Howard Lindzon is shedding some Apple

The co-founder of StockTwits saw an opportunity this week to take his oversized position back to normal.

From Shedding Some Apple and Crazy Investment Facts, a note posted Saturday from Tuscany:  

Apple closed this week at $185

When I last checked in here on my oversized Apple position, the stock crossed $165 to the upside and I wrote ‘Apple Survived‘. A month earlier I was buying the Apple crash too early and it looked like Apple would never stop going down.

This week I sold some Apple. There are many other technology stocks I could have bought last November and December that have done better that Apple in the rally from the December bottom.

That is just the nature of picking stocks…

In Tuscany, the $VIX (measure of volatility) is always 4, but in the United States a $VIX reading of 12 is one of the reasons I feel like selling some Apple stock right now feels prudent. In December the $VIX exploded past 30 as Apple crashed to $150. This chart really captures how bad December got.

My take: I subscribed to Lindzon’s e-mail newsletter last fall because someone told me he had a large and influential following. Good call. I always learn something.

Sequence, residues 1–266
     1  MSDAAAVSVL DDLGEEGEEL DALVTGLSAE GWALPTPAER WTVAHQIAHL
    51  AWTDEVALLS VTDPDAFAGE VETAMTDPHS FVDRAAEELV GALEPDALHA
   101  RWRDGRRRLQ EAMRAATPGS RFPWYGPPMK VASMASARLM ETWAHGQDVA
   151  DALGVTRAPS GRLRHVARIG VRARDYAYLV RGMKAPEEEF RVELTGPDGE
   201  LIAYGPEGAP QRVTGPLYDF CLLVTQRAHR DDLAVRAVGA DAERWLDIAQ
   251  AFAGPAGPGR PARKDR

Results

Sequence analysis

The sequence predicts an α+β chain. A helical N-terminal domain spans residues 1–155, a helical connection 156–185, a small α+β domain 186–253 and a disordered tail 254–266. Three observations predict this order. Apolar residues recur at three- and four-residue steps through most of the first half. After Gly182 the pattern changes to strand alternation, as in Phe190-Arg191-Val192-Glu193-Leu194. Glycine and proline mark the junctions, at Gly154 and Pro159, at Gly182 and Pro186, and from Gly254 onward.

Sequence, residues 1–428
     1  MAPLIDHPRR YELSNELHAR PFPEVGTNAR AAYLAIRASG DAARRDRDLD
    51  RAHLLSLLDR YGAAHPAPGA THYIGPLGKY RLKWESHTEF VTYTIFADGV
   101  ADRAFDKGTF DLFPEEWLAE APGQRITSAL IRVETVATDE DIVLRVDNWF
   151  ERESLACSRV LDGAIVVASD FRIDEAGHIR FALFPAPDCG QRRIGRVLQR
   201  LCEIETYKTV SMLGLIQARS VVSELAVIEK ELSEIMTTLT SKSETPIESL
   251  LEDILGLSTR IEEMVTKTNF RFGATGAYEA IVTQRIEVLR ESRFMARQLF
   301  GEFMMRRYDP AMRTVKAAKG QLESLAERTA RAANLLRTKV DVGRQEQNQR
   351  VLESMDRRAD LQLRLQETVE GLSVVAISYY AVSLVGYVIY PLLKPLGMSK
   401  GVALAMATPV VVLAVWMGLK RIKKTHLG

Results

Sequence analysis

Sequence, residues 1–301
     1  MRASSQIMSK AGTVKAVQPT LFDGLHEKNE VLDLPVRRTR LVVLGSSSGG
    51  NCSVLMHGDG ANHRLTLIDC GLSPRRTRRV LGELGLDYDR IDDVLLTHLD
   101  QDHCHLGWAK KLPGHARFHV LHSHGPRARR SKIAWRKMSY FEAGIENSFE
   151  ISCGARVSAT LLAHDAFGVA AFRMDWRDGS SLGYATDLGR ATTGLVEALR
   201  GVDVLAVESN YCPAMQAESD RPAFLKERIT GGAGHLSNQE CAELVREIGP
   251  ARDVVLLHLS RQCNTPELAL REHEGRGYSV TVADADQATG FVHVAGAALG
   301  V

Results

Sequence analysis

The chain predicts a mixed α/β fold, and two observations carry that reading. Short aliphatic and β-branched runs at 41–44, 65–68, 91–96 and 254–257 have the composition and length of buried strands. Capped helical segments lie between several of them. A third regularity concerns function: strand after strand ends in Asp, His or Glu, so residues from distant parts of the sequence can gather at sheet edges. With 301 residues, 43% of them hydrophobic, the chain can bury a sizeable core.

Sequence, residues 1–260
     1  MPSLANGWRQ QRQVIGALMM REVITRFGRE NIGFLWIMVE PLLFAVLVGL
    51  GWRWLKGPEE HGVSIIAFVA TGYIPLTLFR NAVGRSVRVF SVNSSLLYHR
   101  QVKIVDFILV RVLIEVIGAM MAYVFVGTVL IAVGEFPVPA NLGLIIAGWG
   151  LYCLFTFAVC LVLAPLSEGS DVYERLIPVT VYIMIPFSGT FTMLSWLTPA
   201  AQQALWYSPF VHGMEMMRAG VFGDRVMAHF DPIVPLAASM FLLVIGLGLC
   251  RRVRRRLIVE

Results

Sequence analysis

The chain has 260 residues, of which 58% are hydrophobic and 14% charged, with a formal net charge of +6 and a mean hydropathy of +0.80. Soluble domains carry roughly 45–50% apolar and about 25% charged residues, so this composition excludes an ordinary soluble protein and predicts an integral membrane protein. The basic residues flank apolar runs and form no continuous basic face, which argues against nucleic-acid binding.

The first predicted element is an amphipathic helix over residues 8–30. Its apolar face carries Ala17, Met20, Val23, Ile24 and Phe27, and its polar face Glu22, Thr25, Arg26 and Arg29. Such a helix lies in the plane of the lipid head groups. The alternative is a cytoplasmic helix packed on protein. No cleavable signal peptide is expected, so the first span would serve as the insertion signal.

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11 Comments

  1. David Emery said:
    Let me try to close the loop, because I don’t quite understand: The argument is “I’ve made some money on AAPL, and the stock is getting a lot more volatile, so now’s the time to sell.” Is that right?

    1
    March 16, 2019
  2. “Let me try to close the loop, because I don’t quite understand”

    Here’s how he closes the loop:

    “The market strength in technology is pretty broad and I want to spread the profits from the Apple trade into some emerging leaders.”

    Basically, he thinks he can make more money elsewhere.

    2
    March 16, 2019
  3. John Konopka said:
    There is a mindset that I’ve made some profits so I should cash out now as opposed to others that look at the long term value of the property. Day traders vs investors.

    2
    March 16, 2019
  4. S Lawton said:
    The last is not the director of the future. Worst case Enron. GM, Sears, Ford, IBM. Odd how you doing to P/E as your mantra and ignore any other investment advice.

    0
    March 16, 2019

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